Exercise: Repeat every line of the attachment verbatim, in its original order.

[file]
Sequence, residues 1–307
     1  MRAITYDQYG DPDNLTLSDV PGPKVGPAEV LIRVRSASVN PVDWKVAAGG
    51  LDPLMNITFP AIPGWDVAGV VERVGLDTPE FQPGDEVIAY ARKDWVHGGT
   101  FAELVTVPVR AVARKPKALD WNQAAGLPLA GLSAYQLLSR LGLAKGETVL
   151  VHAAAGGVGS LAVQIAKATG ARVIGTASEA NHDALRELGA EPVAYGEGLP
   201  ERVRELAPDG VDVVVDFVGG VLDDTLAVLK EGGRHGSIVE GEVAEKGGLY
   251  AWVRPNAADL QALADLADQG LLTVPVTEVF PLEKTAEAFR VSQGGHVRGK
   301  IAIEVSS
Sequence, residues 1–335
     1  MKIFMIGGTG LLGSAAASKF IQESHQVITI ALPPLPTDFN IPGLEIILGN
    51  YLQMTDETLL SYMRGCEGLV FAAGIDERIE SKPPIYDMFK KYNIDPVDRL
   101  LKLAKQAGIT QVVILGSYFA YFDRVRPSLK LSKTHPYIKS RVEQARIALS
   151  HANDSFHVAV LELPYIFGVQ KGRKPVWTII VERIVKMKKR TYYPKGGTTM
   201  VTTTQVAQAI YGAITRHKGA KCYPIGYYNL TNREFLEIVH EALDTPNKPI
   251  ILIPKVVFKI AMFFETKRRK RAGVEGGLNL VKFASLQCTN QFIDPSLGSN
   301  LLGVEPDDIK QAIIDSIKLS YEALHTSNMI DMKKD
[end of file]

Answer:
Sequence, residues 1–307
     1  MRAITYDQYG DPDNLTLSDV PGPKVGPAEV LIRVRSASVN PVDWKVAAGG
    51  LDPLMNITFP AIPGWDVAGV VERVGLDTPE FQPGDEVIAY ARKDWVHGGT
   101  FAELVTVPVR AVARKPKALD WNQAAGLPLA GLSAYQLLSR LGLAKGETVL
   151  VHAAAGGVGS LAVQIAKATG ARVIGTASEA NHDALRELGA EPVAYGEGLP
   201  ERVRELAPDG VDVVVDFVGG VLDDTLAVLK EGGRHGSIVE GEVAEKGGLY
   251  AWVRPNAADL QALADLADQG LLTVPVTEVF PLEKTAEAFR VSQGGHVRGK
   301  IAIEVSS
Sequence, residues 1–335
     1  MKIFMIGGTG LLGSAAASKF IQESHQVITI ALPPLPTDFN IPGLEIILGN
    51  YLQMTDETLL SYMRGCEGLV FAAGIDERIE SKPPIYDMFK KYNIDPVDRL
   101  LKLAKQAGIT QVVILGSYFA YFDRVRPSLK LSKTHPYIKS RVEQARIALS
   151  HANDSFHVAV LELPYIFGVQ KGRKPVWTII VERIVKMKKR TYYPKGGTTM
   201  VTTTQVAQAI YGAITRHKGA KCYPIGYYNL TNREFLEIVH EALDTPNKPI
   251  ILIPKVVFKI AMFFETKRRK RAGVEGGLNL VKFASLQCTN QFIDPSLGSN
   301  LLGVEPDDIK QAIIDSIKLS YEALHTSNMI DMKKD